The decision was not made in haste. When faced with the wooded entrance to Malagash Road — the unmaintained, but publicly open, “class 4 road” in Reading, Vermont — I deliberated for a minute or two. On one hand, this was clearly going to be the more difficult route to take, though it’s the way the sat nav deemed the most efficient. On the other, this is what I came to Vermont to do: test the off-road capability of the nearly $60,000 Jeep Grand Cherokee Summit Diesel. I thought I knew what I was getting into, for the most part — I put the adjustable air suspension in its highest setting, turned the terrain response system to “mud” mode and ventured forward.
Malagash Road started off somewhat predictably. It’s a downward-sloping trail, one car wide, rutted from other off-roaders. Small boulders and logs stick out from the earth, while ruts and pits hinder smooth driving — it’s all a delicate balancing act, made more difficult by the topsoil, soft from the melting of the winter’s snow. To traverse it safely, a spotter is recommended. My co-driver stepped out to guide me over the technical obstacles that littered the path, and I simply pointed the nose of the Jeep where instructed in order to avoid beaching it on a peak or a rock, then progressed slowly.
And in the face of this mild technical challenge, the Grand Cherokee performed without a hiccup. Its adjustable Quadra-Lift air suspension gave the necessary ground clearance to crawl over the heinously rough surface of Malagash Road in relative comfort, and the low-end torque from the 3.0-liter V6 turbodiesel engine gave me a considerable amount of control to safely traverse obstacles. It was incredible, really. Modern manufacturers love to tout the off-road legacy and capability of their SUVs; the Grand Cherokee actually put its money where its mouth is.
Engine: 3.0-Liter EcoDiesel V6
Transmission: 8-Speed Auto
Horsepower: 240 @ 3,600 RPM
Torque: 420 lb-ft @ 2,000 RPM
Towing Capacity: 7,400 lbs
Fuel Economy: 22 City, 30 Highway
Halfway up Malagash Road, I came to a halt and muttered, “well, shit.” The rutted trail almost instantly turned into a ravine. The incline became incredibly steep, and the soft mud turned into a river bed with large, flat boulders jutting out from the ground. It would take a seasoned pro, armed with purpose-built tires, an aftermarket suspension and a winch to make it through. We had to turn back.
But executing a k-turn and cruising back wasn’t exactly an option. We had been traveling downhill on a trail that was flanked by trees just feet from the Jeep’s doors. Getting out would require backing up 50 feet of muddy trail, up an incline littered with rocks, branches, logs, ruts and pits until we could reach a clearing where we could turn the Grand Cherokee around. Only a feathering of the throttle was needed to call on the low-end torque, while the Grand Cherokee’s Selec-Trac system (similar to Land Rover’s Terrain Response system) was able to find traction in the perilous muck.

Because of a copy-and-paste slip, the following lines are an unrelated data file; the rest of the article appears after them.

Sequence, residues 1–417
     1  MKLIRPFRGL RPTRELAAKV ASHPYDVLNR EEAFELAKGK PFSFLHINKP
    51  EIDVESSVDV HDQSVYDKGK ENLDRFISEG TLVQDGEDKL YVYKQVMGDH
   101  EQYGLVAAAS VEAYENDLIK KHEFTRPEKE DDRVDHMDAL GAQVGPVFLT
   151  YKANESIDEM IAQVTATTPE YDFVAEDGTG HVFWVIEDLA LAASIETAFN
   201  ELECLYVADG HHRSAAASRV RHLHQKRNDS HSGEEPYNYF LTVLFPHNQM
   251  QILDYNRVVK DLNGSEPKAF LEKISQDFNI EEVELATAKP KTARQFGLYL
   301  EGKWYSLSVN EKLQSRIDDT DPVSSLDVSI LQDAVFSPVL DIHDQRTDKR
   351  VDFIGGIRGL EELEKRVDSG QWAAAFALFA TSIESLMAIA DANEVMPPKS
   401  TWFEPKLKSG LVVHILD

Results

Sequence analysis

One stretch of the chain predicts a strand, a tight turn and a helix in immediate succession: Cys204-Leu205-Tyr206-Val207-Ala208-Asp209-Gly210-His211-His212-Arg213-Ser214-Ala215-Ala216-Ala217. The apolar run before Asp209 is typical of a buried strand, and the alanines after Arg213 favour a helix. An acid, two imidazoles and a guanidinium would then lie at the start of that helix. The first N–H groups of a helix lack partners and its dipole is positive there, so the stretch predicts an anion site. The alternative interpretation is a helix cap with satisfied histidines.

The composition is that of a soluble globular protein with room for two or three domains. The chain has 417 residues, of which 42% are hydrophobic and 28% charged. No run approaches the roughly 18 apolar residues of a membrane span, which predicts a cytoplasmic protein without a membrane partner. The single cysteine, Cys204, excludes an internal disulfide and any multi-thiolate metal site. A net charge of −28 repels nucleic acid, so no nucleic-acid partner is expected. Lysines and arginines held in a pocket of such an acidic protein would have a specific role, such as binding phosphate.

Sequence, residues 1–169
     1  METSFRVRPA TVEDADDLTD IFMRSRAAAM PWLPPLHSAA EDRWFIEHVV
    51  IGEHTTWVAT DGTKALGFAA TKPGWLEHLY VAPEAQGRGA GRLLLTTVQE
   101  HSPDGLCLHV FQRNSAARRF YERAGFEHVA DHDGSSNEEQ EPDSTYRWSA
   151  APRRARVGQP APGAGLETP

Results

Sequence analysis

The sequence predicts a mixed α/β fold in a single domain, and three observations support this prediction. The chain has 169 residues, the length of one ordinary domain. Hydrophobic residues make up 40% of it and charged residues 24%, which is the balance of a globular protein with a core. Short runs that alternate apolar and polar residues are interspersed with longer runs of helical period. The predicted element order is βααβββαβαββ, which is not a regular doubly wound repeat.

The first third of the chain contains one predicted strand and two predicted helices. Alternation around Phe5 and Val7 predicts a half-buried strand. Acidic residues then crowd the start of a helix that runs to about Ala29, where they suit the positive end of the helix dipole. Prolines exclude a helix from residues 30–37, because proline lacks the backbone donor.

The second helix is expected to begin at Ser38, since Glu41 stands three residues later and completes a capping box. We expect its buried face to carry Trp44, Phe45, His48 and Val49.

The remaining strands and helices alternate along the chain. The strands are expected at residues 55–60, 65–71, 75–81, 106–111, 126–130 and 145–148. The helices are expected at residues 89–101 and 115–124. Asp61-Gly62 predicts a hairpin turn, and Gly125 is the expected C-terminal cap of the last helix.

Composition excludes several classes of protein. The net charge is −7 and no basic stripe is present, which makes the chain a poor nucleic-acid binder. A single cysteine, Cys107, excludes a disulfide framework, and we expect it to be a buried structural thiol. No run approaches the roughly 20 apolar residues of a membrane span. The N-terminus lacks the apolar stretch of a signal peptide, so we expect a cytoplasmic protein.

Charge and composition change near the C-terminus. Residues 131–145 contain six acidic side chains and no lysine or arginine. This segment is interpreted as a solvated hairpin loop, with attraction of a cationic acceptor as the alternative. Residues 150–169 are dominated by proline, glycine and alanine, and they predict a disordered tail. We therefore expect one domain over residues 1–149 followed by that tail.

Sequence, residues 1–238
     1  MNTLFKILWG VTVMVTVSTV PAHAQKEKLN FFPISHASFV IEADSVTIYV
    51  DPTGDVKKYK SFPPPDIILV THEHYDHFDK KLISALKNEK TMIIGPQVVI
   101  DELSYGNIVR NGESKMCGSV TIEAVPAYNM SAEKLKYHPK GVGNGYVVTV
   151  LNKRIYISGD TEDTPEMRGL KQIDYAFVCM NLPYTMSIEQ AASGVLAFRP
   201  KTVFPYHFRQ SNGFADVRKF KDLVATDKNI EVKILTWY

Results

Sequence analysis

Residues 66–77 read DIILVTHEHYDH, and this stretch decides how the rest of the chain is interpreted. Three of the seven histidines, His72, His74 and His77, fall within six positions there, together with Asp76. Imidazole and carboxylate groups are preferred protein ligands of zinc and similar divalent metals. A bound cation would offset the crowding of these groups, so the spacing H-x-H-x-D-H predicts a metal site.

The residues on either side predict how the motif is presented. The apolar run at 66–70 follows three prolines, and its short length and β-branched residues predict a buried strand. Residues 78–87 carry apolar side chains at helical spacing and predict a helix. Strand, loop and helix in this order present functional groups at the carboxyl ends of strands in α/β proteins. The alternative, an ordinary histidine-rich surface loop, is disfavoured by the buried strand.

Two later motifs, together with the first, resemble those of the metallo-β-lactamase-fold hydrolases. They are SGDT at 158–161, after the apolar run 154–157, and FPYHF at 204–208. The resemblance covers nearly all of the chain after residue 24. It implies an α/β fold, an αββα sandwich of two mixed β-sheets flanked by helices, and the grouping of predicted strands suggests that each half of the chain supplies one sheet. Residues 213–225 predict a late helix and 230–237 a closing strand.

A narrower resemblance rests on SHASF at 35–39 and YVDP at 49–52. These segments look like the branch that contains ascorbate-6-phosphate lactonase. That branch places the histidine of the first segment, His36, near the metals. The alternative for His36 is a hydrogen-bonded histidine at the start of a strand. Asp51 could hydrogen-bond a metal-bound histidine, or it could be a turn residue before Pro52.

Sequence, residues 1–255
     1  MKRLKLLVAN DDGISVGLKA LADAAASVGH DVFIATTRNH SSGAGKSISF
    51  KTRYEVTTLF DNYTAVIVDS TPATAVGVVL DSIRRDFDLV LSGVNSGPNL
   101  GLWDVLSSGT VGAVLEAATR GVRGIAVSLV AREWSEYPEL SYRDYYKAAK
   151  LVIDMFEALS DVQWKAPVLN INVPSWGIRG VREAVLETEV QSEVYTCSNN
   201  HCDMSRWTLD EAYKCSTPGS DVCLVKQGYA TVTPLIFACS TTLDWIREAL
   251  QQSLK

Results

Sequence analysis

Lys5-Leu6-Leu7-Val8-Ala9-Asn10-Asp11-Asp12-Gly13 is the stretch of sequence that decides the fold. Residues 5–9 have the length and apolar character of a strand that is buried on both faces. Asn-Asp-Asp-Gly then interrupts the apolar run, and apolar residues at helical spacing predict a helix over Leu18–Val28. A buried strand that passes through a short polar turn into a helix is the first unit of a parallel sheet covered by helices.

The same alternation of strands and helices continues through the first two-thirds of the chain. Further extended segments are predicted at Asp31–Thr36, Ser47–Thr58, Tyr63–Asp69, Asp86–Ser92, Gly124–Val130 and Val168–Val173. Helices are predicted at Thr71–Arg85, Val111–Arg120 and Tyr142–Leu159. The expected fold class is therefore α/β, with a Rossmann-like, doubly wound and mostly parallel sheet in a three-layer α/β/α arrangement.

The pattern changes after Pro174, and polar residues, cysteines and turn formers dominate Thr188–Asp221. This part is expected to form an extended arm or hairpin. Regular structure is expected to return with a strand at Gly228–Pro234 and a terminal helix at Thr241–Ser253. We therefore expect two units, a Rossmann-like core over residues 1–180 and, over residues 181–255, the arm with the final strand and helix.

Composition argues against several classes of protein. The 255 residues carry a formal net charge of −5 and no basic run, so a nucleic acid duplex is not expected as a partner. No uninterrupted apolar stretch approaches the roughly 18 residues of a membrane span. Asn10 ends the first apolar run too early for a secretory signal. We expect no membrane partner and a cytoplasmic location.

For many, the tried-and-true Range Rover is the benchmark for a luxurious and refined SUV with rugged off-road chops, but the Grand Cherokee has mastered that dichotomy, too.
Nearly 45 minutes later we found our way out of trail and back on track to our destination: the home of Peter Vollers, proprietor of Vermont Overland and a veritable off-roading guru. When we explained we had attempted to follow the sat nav’s ill-advised directions down Malagash, Vollers was stunned. According to him, it’s “the most difficult trail in the region.” Vollers had a variety of off-road tests planned for us: a stream crossing, a pit test and a hill-climb. Each was a cakewalk compared to the nightmare that was traversing Malagash. With the Grand Cherokee battle hardened and splattered in a thick layer of Vermont mud, we headed back to New York.
Once you spec the Summit with a 4×4 system and a $5,000 diesel engine, the price climbs to $57,290. That’s steep for a Jeep, but you get everything you could possibly want: supple Natura leather, open-pore wood, heated seats (front and rear), Harman Kardon premium audio, radar-guided cruise control and blind-spot monitoring to name just a few. And at the end of the day, the Jeep’s accoutrements make it a solid long-distance cruiser. What’s more, the diesel’s fuel consumption is incredible. Even including our off-road excursions and equally hellacious NYC traffic we got a commendable 27 MPG average our entire trip. Jeep claims that you can get up to 730 miles of range on one tank.
For many, the tried-and-true Range Rover is the benchmark for a luxurious and refined SUV with rugged off-road chops, but the Grand Cherokee has mastered that dichotomy, too, and for thousands of dollars less. America — Jeep especially — is no stranger to the luxurious off-roader. Hell, Jeep invented it. And when equipped in its highest trim, with its torquiest engine, the Grand Cherokee is proof that great off-road machines still come out of Detroit.